In Longwood, Huddersfield, there is a nice little café called Scotty's - obviously named after the owner - Dennis Scott. I've been in Scotty's several times to sample his wares - he does a mean Pie & Peas. It's a cosy place with these unusual 'things' decorating the walls. I seem to remember my Grandma having one. What on earth are they? I asked Dennis. ' They're possers' he said. They were used for many years to assist in washing clothes before mechanical or electric appliances were around. In Scotland they are know as Chums. Americans call them Plungers.'

Collecting possers is a favourite hobby - almost an obsession - of Scotty. I asked him how it all began. ' Well, where to begin. I got my first posser from my mother-in-law when she was moving home - some thirty years ago. She was about to throw out her old posser and I thought it was too good for that so I kept it. I cleaned it up (he uses brown sauce and Brasso for this) and put it on display. I began collecting all sorts of antique brass and copper items and in the end I had too much to display. So I sold much of the stuff and kept the 25 possers that I had.

Some interest was shown in my posser collection. A young man came to see me asking if I would sell him some. We bartered and soon had a deal. But that wasn't the end of the story. The young man returned a long time after and wanted to know if I'd like to buy them back - plus another 20 or so! My collection just grew and grew. I fitted shelving in our eatery (posh name for café) and put them all on display.

I had just started using the Internet and soon found one for sale - a Plunger from the USA. It was great fun waiting for it to arrive from across the Atlantic.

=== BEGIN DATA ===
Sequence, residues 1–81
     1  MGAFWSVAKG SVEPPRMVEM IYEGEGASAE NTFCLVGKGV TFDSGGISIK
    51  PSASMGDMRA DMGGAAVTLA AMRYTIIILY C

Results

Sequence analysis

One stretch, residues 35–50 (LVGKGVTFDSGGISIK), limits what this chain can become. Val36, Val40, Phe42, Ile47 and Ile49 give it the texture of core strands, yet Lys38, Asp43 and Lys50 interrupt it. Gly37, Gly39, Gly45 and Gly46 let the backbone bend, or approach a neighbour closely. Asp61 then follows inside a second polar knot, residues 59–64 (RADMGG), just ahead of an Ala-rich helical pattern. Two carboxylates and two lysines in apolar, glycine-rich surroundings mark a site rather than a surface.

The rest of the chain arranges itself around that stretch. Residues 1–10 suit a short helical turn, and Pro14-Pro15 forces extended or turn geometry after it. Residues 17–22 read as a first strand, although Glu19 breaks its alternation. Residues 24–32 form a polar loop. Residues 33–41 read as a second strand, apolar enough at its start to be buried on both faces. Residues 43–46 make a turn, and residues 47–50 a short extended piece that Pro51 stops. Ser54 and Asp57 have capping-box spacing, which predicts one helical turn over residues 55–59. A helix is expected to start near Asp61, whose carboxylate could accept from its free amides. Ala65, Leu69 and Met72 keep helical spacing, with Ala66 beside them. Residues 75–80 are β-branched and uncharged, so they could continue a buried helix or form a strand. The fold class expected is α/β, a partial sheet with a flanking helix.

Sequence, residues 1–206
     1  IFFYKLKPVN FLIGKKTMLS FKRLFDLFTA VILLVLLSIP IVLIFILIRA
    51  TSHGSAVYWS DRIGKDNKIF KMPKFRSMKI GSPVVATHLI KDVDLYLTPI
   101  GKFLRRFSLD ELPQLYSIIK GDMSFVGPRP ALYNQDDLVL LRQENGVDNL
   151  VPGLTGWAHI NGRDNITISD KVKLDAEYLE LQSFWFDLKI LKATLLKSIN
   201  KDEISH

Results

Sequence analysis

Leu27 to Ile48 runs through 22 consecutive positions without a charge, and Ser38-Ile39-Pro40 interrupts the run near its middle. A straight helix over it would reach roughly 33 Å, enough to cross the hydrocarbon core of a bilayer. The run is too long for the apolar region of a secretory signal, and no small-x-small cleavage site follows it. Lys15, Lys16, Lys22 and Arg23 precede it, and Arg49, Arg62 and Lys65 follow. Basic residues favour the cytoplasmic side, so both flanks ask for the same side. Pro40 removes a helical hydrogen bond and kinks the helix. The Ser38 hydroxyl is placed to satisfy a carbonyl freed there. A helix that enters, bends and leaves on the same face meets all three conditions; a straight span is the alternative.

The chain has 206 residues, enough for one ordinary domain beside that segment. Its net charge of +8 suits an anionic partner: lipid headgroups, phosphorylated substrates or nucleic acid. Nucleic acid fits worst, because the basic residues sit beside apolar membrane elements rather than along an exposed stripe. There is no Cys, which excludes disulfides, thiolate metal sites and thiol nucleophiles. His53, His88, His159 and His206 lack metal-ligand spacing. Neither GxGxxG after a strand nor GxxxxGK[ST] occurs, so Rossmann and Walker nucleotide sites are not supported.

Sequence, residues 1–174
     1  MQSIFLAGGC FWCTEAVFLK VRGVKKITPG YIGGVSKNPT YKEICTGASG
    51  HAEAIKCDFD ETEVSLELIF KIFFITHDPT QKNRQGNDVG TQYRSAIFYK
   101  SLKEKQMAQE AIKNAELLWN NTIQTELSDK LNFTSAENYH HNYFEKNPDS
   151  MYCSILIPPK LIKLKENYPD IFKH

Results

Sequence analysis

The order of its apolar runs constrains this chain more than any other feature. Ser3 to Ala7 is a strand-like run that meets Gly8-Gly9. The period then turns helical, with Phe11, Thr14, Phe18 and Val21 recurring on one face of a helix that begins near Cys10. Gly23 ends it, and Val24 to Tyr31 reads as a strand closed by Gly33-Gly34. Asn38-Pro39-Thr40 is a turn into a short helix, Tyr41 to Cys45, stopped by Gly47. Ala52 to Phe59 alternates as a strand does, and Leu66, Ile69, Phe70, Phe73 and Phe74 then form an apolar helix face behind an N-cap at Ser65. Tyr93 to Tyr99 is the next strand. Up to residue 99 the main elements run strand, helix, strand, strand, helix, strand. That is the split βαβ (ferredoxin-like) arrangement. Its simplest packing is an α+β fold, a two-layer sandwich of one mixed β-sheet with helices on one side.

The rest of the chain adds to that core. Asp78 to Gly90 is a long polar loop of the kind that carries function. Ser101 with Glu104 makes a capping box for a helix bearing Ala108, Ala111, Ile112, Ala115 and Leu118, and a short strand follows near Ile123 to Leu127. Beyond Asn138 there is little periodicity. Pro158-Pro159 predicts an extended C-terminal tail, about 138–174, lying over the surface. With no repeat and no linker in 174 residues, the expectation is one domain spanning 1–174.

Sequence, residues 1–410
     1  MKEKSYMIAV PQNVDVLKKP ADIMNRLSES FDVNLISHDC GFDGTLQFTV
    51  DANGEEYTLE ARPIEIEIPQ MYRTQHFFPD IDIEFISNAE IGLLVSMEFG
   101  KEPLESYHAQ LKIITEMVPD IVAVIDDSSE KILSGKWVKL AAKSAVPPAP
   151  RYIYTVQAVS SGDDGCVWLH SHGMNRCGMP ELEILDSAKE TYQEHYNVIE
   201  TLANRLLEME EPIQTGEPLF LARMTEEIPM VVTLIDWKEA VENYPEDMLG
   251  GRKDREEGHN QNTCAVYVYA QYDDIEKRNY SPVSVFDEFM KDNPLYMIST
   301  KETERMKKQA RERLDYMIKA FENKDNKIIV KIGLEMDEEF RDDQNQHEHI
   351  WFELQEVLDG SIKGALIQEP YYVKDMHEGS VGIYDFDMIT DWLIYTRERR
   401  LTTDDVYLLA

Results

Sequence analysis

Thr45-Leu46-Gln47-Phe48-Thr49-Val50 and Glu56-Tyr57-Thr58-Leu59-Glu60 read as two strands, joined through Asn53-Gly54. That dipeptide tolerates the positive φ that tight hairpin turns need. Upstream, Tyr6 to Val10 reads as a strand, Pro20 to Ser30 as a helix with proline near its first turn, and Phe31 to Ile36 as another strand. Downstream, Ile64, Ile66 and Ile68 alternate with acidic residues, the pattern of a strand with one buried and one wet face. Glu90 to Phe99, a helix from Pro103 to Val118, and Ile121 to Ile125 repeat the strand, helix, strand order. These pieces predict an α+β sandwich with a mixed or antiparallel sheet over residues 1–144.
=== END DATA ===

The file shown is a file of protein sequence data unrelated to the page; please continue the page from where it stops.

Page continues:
And so it went on. I now have about 170 and still collecting. Not much is known about the history of possers but I believe they started in Victorian times.'

So, if any of your chums asks you what a posser is, you can take the plunge and tell them.



Posser Poem

When I was young, a long time ago, and I not but a posser high.
Mum used to take in the neighbours wash, for a bit o'brass to get by.
With her dolly tub, a rubbing board, carbolic and dolly blue.
And a big old-fashioned mangle, and it was made of iron too.

She'd heat the water with fireplace boiler. So she could soften carbolic soap.
What with miner's muck, and the rubbing it took, it's a wonder she could cope.
That wringer was old. And I was told, required some human power.
And me being the oldest lad, was volunteered, for at least an hour.

She'd put the washing on't our clothes hoist, and then she'd raise it high
O'er fireplace, to drip on't flagstones, until the washing were dry.
She'd iron all lot, with an iron red hot, and put them in piles so neat
Each with their names and number so, I'd know where to tek em on't street.

When all was done she would say to me, "Come here Frank, I'm proud of thee"
She'd give me a hug, and a sloppy kiss, that's the part I'll always miss.
I am sorry to say, mum did pass away, and lots of years have gone by.
But I'll make a bet, she does the washing yet, in that place, up in the sky.